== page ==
“Loyalty to any one sports team is pretty hard to justify,” quipped Jerry Seinfeld during an opener to an episode of his show. “You’re actually rooting for the clothes. Fans will be so in love with a player, but if he goes to another team, they boo him. This is the same human being in a different shirt!”
Jerry may have had a point — after all, in an era of free agency and increasing loyalty to money, players often suit up for numerous teams, and the idea of a franchise player seems to be a thing of the past. But still, despite the fact that athletes such as LeBron James and Albert Pujols routinely sell out a fan base that adores them for a few extra million bucks, there are still the David Ortizes and Derek Jeters who just wouldn’t look right in any uniform other than the city that they’ve grown to symbolize.
Here are 27 athletes who, for whatever reason — a trade, a coaching opportunity, or a final attempt to squeeze just a bit more life out of their professional careers — found themselves wearing laundry that just looked plain wrong.
Babe Ruth, Brooklyn Dodgers
“The Great Bambino” started his playing career as a Hall of Fame-caliber pitcher with the Boston Red Sox and finished it as a sideshow attraction for the Boston Braves, playing 28 games with the club in 1935 before calling it quits. Odd as it might be to some to see him in the jersey of the two Boston clubs, it is even stranger to see him suited up for the Brooklyn Dodgers, for whom he served as a first base coach in 1938.
Mike Piazza, Florida Marlins
Mike Piazza started the 1998 season with the Los Angeles Dodgers and finished it with the New York Mets. However, in the middle of 1998, he played a meager five games with the Florida Marlins. To shed salary, the Marlins acquired Piazza from the Dodgers for a slew of pricey veterans, such as Bobby Bonilla and Gary Sheffield, and almost immediately shipped Piazza to New York for a trio of prospects, including Preston Wilson. Piazza did not hit a single one of his 427 career home runs for Florida — he did, however, hit one of his eight career triples while wearing a Marlins jersey.
Gordie Howe, Hartford Whalers
“Mr. Hockey” had a long, incredible career, suiting up for the NHL’s Detroit Red Wings from 1946 until 1971. After taking a rest during the 1971-’72 and ’72-’73 hockey seasons, Howe joined the WHA’s Houston Aeros at the age of 45 — and played four seasons for them. Then he joined the New England Whalers, playing two more full seasons in the WHA. When the Whalers transitioned to the NHL, Howe came along with them — and played a career-high 80 games at the age of 51!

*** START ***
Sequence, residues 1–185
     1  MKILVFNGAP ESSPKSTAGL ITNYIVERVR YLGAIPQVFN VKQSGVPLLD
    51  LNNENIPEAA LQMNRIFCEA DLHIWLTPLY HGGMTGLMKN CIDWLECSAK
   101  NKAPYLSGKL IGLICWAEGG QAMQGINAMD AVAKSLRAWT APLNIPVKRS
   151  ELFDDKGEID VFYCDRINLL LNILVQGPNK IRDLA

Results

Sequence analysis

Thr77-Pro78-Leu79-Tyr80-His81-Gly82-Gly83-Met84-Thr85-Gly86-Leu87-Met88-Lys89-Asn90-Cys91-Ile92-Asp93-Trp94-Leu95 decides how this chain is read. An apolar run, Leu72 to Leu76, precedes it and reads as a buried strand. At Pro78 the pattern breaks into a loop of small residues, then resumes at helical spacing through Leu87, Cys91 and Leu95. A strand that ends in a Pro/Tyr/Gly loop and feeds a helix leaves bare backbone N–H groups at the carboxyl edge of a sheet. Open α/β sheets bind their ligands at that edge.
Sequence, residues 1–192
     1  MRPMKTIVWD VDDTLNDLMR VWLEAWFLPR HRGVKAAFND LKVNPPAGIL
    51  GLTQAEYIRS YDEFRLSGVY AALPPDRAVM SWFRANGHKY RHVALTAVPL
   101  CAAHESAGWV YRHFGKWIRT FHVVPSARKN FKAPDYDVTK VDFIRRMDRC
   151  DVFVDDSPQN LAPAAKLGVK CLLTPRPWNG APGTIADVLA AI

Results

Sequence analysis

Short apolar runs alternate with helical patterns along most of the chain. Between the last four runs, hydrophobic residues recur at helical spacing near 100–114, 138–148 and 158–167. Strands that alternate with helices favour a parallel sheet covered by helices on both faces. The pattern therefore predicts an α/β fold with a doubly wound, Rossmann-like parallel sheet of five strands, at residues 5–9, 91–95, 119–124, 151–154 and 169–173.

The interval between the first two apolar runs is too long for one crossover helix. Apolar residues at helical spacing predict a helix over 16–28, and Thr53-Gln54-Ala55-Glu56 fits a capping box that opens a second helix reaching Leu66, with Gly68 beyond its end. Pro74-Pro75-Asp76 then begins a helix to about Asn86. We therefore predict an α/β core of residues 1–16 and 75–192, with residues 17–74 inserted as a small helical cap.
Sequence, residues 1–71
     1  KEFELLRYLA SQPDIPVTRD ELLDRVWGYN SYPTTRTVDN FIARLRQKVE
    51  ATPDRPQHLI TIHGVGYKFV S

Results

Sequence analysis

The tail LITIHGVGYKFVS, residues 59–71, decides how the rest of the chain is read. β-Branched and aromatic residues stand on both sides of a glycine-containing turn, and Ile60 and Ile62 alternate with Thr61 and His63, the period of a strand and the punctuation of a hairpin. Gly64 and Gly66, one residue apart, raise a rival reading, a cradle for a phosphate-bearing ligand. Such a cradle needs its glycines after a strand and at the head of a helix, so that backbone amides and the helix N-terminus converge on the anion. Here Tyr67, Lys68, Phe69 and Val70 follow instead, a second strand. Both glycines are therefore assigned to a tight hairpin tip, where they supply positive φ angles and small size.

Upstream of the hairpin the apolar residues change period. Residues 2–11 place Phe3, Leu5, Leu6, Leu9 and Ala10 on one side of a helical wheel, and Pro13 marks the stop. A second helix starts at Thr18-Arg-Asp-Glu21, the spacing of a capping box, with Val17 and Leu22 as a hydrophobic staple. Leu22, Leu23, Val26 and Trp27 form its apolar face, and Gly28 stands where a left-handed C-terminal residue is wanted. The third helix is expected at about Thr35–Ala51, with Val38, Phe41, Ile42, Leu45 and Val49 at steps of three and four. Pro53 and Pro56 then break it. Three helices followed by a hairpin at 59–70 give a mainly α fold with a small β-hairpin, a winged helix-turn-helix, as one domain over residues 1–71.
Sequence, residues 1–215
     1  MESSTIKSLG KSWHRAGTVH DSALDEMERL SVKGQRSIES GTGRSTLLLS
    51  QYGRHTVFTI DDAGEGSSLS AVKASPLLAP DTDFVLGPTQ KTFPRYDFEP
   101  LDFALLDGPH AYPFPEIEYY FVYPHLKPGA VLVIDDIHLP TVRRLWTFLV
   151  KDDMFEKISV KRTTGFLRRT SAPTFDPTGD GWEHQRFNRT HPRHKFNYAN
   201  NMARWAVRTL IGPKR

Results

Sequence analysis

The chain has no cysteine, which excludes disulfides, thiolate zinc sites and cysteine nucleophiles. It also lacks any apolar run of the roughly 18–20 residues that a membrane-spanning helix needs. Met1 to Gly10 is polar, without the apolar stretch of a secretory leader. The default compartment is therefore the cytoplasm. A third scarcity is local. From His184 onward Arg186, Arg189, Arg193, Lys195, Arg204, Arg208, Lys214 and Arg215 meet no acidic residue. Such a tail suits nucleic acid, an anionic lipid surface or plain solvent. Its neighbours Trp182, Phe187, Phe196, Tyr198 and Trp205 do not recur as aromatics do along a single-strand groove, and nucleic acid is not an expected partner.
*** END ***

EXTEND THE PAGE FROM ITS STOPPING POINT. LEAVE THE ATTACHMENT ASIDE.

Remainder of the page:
Karl Malone, Los Angeles Lakers
After spending 18 years as the face of the Utah Jazz franchise, Karl Malone played 42 games for the LA Lakers during the 2003-’04 season in an attempt to finally win a championship. Despite scoring more points than anyone in NBA history other than Kareem Abdul-Jabbar, Malone would never come out on top — the Lakers were defeated in five games by the Detroit Pistons in the 2004 NBA Finals.
Emmitt Smith, Arizona Cardinals
The NFL’s all-time rushing leader won three Super Bowl championships in 13 years with the Dallas Cowboys. Though his two seasons with the Arizona Cardinals were largely uneventful, he did become the oldest player in NFL history to throw his first touchdown pass, throwing a 21-yard touchdown strike on a halfback option play. This passing attempt during his final season was the only one of his career.
Ken Griffey, Jr., Chicago White Sox
Ken Griffey, Jr. started and finished his career with the Seattle Mariners, and played the bulk of nine seasons with the Cincinnati Reds. However, in 2008 he joined the White Sox via trade for 41 regular season games as part of their push to the playoffs, and made his last of only three postseason appearance with Chicago. Unfortunately, he had just two hits in 10 at-bats in the ALDS against Tampa Bay, and struck out five times — including the final out of the series.
OJ Simpson, San Francisco 49ers
Though most famous for wearing the uniforms of the Buffalo Bills and the Lovelock Correctional Center, OJ played his final two NFL seasons for San Francisco.
Bobby Orr, Chicago Black Hawks
“Number Four, Bobby Orr” is a Boston sports legend. He won two Stanley Cup trophies with the Bruins, and revolutionized the style of play for defensemen, becoming the first (and only) defenseman to score nine hat tricks, and was the only defenseman to lead the league in scoring, which he did twice. Unfortunately, due to countless injuries to and surgeries on his left knee, Orr played only 47 NHL games after his 27th birthday — 26 of which came with the Chicago Black Hawks.
Hakeem Olajuwon, Toronto Raptors
Olajuwon played 17 years for the Houston Rockets, with whom he won the 1994 MVP awards and two NBA championships. However, in August of 2001, Olajuwon declined a $13 million deal with the Rockets and was traded to the Toronto Raptors for draft picks. After one injury-riddled season in Toronto, he retired, and shortly after his number was retired in Houston.
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